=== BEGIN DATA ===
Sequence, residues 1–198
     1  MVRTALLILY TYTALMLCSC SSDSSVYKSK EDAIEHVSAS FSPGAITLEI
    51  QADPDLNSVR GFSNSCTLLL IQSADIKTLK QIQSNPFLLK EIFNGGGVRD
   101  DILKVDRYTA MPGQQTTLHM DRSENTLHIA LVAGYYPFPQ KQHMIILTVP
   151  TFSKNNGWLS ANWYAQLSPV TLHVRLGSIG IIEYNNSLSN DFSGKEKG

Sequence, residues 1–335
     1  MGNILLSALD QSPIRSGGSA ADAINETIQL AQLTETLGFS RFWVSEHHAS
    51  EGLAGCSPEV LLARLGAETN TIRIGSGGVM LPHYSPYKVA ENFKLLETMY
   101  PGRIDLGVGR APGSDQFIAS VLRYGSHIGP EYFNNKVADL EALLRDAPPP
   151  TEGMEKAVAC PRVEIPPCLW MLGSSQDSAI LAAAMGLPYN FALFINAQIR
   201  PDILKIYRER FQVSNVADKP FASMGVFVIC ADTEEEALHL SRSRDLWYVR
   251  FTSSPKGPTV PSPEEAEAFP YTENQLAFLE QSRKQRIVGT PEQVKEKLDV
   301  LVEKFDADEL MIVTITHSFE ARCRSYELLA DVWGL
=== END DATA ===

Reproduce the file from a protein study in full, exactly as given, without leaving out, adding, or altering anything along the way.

Sequence, residues 1–198
     1  MVRTALLILY TYTALMLCSC SSDSSVYKSK EDAIEHVSAS FSPGAITLEI
    51  QADPDLNSVR GFSNSCTLLL IQSADIKTLK QIQSNPFLLK EIFNGGGVRD
   101  DILKVDRYTA MPGQQTTLHM DRSENTLHIA LVAGYYPFPQ KQHMIILTVP
   151  TFSKNNGWLS ANWYAQLSPV TLHVRLGSIG IIEYNNSLSN DFSGKEKG

Sequence, residues 1–335
     1  MGNILLSALD QSPIRSGGSA ADAINETIQL AQLTETLGFS RFWVSEHHAS
    51  EGLAGCSPEV LLARLGAETN TIRIGSGGVM LPHYSPYKVA ENFKLLETMY
   101  PGRIDLGVGR APGSDQFIAS VLRYGSHIGP EYFNNKVADL EALLRDAPPP
   151  TEGMEKAVAC PRVEIPPCLW MLGSSQDSAI LAAAMGLPYN FALFINAQIR
   201  PDILKIYRER FQVSNVADKP FASMGVFVIC ADTEEEALHL SRSRDLWYVR
   251  FTSSPKGPTV PSPEEAEAFP YTENQLAFLE QSRKQRIVGT PEQVKEKLDV
   301  LVEKFDADEL MIVTITHSFE ARCRSYELLA DVWGL